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Monument to Russian peacekeepers unveiled in Crete
Photo credit: © Russian Embassy in Greece
A monument to Russian sailors who took part in the peacekeeping mission at the turn of the 19th and 20th centuries is installed on Crete at the city cemetery of Rethymnon, RIA Novosti reports.
The names of Russians and their families are stamped on the monument. The initiative was taken by Costas Paduvas, a scientist from Greece. He is studying the Russian presence in Crete. The author of the monument project was the Cretan architect Emmanuel Birikakis. Stela was made with the assistance of Russian businessman Vitaly Borisov.
The opening ceremony was attended by Russian diplomats, representatives of the authorities and clergy of Crete.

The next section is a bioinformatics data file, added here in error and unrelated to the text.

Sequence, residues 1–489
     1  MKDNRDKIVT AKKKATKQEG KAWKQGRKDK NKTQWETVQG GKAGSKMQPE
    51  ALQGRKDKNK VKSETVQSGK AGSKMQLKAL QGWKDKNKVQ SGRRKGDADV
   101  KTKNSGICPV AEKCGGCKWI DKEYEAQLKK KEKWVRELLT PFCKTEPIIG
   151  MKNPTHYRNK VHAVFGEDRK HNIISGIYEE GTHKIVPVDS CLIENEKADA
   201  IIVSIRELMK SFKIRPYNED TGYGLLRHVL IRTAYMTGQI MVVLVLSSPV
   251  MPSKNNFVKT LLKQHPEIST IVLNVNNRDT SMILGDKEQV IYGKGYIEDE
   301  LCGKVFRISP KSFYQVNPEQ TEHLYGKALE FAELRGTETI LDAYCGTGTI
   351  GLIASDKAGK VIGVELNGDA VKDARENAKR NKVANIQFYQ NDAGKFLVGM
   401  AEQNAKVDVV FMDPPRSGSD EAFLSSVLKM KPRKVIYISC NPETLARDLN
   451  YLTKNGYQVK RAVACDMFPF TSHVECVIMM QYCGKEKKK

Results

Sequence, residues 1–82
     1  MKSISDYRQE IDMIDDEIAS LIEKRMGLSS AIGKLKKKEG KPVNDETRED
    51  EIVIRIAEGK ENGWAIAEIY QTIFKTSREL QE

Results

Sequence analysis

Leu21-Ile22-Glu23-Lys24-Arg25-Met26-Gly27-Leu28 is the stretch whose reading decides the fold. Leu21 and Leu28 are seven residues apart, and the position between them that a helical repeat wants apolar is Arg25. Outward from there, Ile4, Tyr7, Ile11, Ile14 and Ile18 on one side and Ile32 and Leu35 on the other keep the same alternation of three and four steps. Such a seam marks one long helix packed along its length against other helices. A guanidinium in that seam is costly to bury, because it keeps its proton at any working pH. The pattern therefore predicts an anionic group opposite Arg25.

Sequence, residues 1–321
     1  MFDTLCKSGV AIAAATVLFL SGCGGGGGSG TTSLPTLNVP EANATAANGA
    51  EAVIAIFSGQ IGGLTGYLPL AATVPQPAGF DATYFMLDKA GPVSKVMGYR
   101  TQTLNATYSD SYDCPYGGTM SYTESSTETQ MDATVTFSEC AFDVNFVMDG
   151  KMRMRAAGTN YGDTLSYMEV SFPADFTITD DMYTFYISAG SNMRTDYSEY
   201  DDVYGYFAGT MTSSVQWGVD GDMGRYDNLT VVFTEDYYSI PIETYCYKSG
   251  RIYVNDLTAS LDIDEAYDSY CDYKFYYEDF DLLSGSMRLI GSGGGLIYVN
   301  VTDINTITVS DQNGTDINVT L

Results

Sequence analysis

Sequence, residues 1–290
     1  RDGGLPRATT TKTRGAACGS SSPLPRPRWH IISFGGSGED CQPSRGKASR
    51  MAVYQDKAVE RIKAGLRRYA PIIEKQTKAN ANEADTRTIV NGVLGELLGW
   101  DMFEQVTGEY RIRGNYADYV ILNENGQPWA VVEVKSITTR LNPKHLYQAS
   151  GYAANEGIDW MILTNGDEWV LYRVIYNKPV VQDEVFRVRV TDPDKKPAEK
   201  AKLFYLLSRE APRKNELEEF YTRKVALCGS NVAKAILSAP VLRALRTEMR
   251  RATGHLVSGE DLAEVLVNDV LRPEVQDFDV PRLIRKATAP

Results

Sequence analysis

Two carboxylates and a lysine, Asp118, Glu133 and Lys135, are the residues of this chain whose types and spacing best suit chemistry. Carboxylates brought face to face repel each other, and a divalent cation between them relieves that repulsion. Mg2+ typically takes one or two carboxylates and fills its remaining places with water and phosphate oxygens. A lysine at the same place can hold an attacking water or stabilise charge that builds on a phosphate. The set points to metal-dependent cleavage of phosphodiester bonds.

Russian ambassador to Greece Andrei Maslov recalled that more than a century ago, Russia helped transport Greek refugees from Crete to Milos. The actions of the Russian authorities contributed to the protection of Christians living on the island from the persecution of the Ottoman Empire, and to preserve peace in the region. Russia helped restore the infrastructure and achieved interreligious peace among the locals. In addition, the Ottoman army was withdrawn from Crete, and the island was granted autonomy. As a result, Crete became part of Greece few years later, the diplomat noted.
Crete did not forget about the help that Russia provided. Chania and Rethymnon cities have the streets named after Russians. The map of Crete depicts the names of Rear Admiral Skrydlov, who commanded a separate detachment of ships in the Mediterranean, and Colonel Shostak, who first headed the Russian mission in Crete.
The Ambassador thanked the regional, municipal and church authorities of Crete for their attention to the historical ties between Russia and Greece in the region.